Watch: Richard Leonard and John McDonnell on Labour’s economic plans and constitutional chaos

Ben Wray

CommonSpace provides analysis on comments made by the shadow chancellor and Scottish Labour leader asserting the importance of economic transformation from putting forth mixed messages on constitutional matters

COMMONSPACE spoke to Scottish Labour leader Richard Leonard and Shadow Chancellor John McDonnell on their pre-election campaign stop in Glasgow.

The rally at the City Halls in Merchant City highlighted many of Labour’s proposals for radical economic and social change, including changes to corporate governance, a new industrial strategy and £20bn for Scottish green industrial investment.

At the forthcoming Labour conference measures including the abolition of private schools and a Green New Deal to achieve carbon neutrality by 2030 will be proposed.

Leonard’s speech to the rally aligned the Scottish party with this radical vision.

Besides a wider promotion of alternative modes of ownership and a democratisation of the Scottish economy, Leonard aimed at changes to the economics of the Union. Among his proposals were reforms to Scotland’s fiscal arrangement with the UK and the extension of the Scottish Government’s borrowing powers.

READ MORE: Analysis: Leonard, Corbyn and the two souls of Labour socialism

“Scottish Labour will propose an overhaul of the Block Grant Adjustment mechanism and a review of the wider Fiscal Framework so that a floor is provided and so that the adjustment on social security is not downwards – but upwards – according to Scotland’s needs,” he said.

“Although Holyrood now has borrowing powers, we want these to be extended so that we have powers fit for a Parliament.

So we are proposing that Scottish Government should be able to borrow and issue bonds for both resource and capital spending without restriction.”

The great advantage Scottish Labour should have here is maximum access to a UK wide party that can form a Westminster Government. Leonard, McDonnell and Corbyn would all be singing from the same socialist Sunday school hymn sheet (at least on the economy), whereas the SNP would be bartering as part of a more uneasy confidence and supply or informal arrangement. Priorities would lie in different quadrants for possible governing partners, especially now that Labour say there would not be an independence referendum in the ‘formative years’ of a Labour government.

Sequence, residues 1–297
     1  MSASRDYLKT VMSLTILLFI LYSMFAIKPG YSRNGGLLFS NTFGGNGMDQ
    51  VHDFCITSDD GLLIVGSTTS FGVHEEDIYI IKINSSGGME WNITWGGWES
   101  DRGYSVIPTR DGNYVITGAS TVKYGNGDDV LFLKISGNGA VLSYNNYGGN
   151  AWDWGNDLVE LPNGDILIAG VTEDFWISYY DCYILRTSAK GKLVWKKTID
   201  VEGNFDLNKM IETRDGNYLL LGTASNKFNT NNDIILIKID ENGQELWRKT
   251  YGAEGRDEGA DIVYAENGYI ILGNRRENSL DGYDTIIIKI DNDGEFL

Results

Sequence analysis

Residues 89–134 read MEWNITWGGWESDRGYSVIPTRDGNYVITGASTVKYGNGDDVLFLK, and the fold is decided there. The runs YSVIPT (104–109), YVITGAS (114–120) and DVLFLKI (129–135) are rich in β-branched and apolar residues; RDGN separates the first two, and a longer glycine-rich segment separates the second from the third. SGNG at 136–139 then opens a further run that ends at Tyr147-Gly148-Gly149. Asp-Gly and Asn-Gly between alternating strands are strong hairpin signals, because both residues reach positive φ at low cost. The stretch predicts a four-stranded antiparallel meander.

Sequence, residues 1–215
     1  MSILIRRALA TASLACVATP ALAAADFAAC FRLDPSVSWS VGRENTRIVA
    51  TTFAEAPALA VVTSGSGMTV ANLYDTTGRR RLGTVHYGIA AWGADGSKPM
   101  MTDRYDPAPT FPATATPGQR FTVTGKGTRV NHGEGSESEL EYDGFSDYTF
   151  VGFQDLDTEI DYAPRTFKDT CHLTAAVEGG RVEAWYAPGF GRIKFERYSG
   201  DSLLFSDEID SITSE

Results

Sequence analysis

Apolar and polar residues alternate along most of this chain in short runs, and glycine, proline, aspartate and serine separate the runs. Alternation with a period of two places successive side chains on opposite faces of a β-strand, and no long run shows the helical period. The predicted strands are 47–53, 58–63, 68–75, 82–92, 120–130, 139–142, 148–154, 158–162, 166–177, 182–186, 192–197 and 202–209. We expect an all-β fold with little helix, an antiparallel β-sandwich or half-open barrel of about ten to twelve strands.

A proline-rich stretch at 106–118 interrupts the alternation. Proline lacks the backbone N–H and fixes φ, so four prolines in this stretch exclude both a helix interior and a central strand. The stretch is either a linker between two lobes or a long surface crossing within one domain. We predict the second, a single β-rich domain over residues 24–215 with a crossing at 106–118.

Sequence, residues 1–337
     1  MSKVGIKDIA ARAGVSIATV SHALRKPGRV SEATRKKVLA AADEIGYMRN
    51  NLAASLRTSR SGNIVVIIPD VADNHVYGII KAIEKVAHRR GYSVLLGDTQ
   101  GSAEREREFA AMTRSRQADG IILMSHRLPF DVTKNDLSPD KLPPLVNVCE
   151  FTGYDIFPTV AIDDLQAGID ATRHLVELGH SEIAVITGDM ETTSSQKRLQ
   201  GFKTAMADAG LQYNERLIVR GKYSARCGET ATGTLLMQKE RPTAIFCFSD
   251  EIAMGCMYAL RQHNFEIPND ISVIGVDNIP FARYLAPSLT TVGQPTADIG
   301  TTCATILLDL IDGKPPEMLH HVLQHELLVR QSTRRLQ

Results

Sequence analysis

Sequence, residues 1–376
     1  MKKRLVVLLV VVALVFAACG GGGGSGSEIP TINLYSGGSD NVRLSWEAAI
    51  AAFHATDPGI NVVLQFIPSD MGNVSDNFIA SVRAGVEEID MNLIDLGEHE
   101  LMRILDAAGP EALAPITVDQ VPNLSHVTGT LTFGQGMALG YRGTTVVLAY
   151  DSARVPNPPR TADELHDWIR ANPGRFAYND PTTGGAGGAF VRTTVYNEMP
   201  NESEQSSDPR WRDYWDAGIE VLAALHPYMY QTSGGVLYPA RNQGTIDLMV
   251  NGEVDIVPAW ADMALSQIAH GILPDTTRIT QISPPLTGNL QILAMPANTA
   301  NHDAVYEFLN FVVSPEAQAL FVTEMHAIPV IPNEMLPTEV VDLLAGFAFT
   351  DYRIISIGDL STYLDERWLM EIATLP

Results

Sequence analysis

READ MORE: SNP hit back as Labour claim indyref2 should only take place after the ‘formative years’ of Corbyn government

But what Labour make up for in heavy duty policy proposals they unquestionably lack in simple, straightforward and coherent responses to the constitutional crisis.

During his interview with CommonSpace, Leonard said he did not think that it had been demonstrated that the people of Scotland wanted a second independence referendum. The huge marches for Scottish independence – the largest continuous street movement in Scottish history – apparently do not indicate this. Nor was this indicated by any recent polling on independence, the polling position of the SNP, or the fact that a majority exists in the Scottish Parliament for a second independence referendum, with mandates secured in the 2016 Holyrood elections.

In an interview with ITV Border, Leonard went even further, saying that even a majority of pro-independence MSPs at the next Scottish elections wouldn’t mean another independence referendum.

Labour insist their position on Brexit is clear. But there remain several competing attitudes within the party on the way forward. Leonard and McDonnell both affirmed their support for Remain in a second referendum at the City Halls event. This is a departure from previous years.

READ MORE: Exclusive: Scottish Labour ‘kamikaze unionists’ issued indy parliamentary statement against Leonard’s wishes

There will inevitably be questions asked about how a second referendum on EU membership is desirable but a second independence referendum – in the ‘formative years’ or otherwise – is not.

There are also questions about how the Labour leadership can reasonably make the case that they want to negotiate a deal to Leave the EU and then vote against that deal in a referendum.

These quandaries squarely identify Labour’s dilemma. It wants to promote a transformative economic agenda above all else. But its commitment to achieving this thought the extant British state leaves it with an ultimately ambiguous relationship to the institutional apparatus it wants to overturn.

The political moment is largely favouring forces, including the Brexit Party, Plaid Cymru, the Liberal Democrats and the SNP, that have simple and direct responses to the constitutional crisis. The remaining unknown is, can an insurgent campaign on radical economic policies be enough to create another Labour swing, as in 2017? We will likely find out soon.

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